Saturday, February 9, 2013

Breviary Factoid #2 -Trinitarian Bowing




      

In a recent Q&A post, a reader and I talked in the comments  about the proper rubrics or gestures to be used while praying the hours: when to stand, when to sit, signs of the cross, etc.

Although the sitting vs. standing is of more importance during a group recitation of the Divine Office, especially when done in a church or other public setting (as opposed to in private and/or at home), there are some gestures which are easy to do in any situation, and they are helpful to our sense of reverence and devotion.

Traditionally, anytime the Blessed Trinity is named,we should bow. (Either at the waist or at the head.)
This happens every time we say the doxology (Glory Be), both after each psalm and at the opening verse, following, O God, come to my assistance.
In addition, many  hymns have a final verse that references the Trinity. For example, at the end of "On This Day, the First of Days" we  have,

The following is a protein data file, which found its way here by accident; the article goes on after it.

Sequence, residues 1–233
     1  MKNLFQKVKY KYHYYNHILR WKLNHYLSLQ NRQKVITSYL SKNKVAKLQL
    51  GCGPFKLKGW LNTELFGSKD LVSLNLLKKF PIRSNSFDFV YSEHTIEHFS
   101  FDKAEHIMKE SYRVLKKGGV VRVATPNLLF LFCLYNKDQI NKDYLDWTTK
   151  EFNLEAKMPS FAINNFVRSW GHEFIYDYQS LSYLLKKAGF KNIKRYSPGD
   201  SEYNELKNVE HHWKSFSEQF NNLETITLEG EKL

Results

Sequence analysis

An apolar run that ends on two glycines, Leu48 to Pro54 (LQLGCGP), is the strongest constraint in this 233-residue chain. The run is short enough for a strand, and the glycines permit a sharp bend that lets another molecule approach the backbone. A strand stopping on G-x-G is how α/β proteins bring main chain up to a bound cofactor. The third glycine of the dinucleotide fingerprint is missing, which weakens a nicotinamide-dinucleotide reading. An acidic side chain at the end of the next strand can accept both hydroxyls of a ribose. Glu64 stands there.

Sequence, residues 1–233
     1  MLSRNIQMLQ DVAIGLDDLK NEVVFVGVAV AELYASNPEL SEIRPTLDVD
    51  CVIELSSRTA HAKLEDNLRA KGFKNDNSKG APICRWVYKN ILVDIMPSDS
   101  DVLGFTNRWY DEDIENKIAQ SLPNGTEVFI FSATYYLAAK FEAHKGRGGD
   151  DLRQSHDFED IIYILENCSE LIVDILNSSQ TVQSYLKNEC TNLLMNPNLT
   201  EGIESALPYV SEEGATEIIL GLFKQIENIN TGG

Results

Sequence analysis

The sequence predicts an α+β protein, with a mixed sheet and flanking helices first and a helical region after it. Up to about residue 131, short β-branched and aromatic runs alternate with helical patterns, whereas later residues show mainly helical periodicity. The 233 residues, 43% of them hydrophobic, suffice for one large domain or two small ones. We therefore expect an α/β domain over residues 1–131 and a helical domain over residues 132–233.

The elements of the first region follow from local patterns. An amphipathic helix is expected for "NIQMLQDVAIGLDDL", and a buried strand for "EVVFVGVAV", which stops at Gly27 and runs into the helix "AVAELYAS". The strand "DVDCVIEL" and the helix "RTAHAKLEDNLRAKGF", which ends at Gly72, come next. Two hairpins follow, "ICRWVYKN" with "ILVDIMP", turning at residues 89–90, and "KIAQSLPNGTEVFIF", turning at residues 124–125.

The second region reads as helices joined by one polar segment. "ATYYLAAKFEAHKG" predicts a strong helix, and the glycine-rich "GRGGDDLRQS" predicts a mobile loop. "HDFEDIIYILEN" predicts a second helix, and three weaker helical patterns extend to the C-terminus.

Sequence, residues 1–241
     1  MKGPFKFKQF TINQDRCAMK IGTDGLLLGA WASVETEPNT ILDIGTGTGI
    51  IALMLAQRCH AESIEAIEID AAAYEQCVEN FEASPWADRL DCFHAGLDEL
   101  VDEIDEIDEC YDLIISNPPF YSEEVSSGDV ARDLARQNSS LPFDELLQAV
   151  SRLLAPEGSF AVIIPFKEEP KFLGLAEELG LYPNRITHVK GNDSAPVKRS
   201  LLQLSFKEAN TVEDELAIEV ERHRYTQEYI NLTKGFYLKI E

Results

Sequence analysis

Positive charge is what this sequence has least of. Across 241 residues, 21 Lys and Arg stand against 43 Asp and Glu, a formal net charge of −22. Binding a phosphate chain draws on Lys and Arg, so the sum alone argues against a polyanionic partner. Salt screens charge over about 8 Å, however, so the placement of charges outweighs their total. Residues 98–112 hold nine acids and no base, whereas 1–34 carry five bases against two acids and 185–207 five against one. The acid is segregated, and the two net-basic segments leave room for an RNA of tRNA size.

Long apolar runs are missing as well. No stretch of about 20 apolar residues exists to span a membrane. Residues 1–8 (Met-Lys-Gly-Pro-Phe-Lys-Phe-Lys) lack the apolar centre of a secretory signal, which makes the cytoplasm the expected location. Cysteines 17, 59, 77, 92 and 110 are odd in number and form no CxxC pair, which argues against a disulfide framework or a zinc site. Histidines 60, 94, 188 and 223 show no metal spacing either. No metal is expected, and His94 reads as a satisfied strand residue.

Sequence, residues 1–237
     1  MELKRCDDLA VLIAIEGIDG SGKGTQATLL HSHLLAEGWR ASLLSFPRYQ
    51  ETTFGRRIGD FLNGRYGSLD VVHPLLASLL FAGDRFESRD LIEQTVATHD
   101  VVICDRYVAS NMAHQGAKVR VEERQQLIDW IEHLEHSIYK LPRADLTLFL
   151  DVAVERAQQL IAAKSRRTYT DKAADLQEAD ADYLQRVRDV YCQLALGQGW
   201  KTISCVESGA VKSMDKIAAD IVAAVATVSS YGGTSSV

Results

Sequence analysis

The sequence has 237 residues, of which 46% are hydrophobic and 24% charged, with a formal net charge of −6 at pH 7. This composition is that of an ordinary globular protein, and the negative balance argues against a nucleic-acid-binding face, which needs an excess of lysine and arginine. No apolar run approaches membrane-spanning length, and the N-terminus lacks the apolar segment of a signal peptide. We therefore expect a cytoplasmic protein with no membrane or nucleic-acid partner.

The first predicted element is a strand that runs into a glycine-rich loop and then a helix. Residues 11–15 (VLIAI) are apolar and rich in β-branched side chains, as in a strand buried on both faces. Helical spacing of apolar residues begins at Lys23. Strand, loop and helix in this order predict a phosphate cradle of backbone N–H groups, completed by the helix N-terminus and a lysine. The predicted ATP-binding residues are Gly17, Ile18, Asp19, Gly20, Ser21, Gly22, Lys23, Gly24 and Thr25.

God the blessed Three in One,
May thy Holy will be done,
In thy word our souls are free
And we rest this day with thee.
Another example is "Creator of the Stars of Night":
To God the Father, God the Son,
And God the Spirit, Three in One,
Praise, honor, might, and glory be
From age to age eternally.

A bow at the beginning of such a  trinitarian hymn verse would be appropriate.
It makes sense. The Trinity is the central mystery of our faith. To state the Name and the nature of God calls for a gesture of reverence. The greatness of the Trinity is reinforced in our minds when we pray not just with our lips, but by engaging another part of the body.
That is the point, in fact, of all liturgical gestures and postures--to engage not just the mind in prayer, but our senses, muscles, bones. All of me. Every bodily member, straining eagerly to offer praise and adoration.






1 comment:

  1. Thanks for this follow-up, Daria!

    On a related note, Eastern Catholics cross themselves every time the Trinity is mentioned during the Divine Liturgy.

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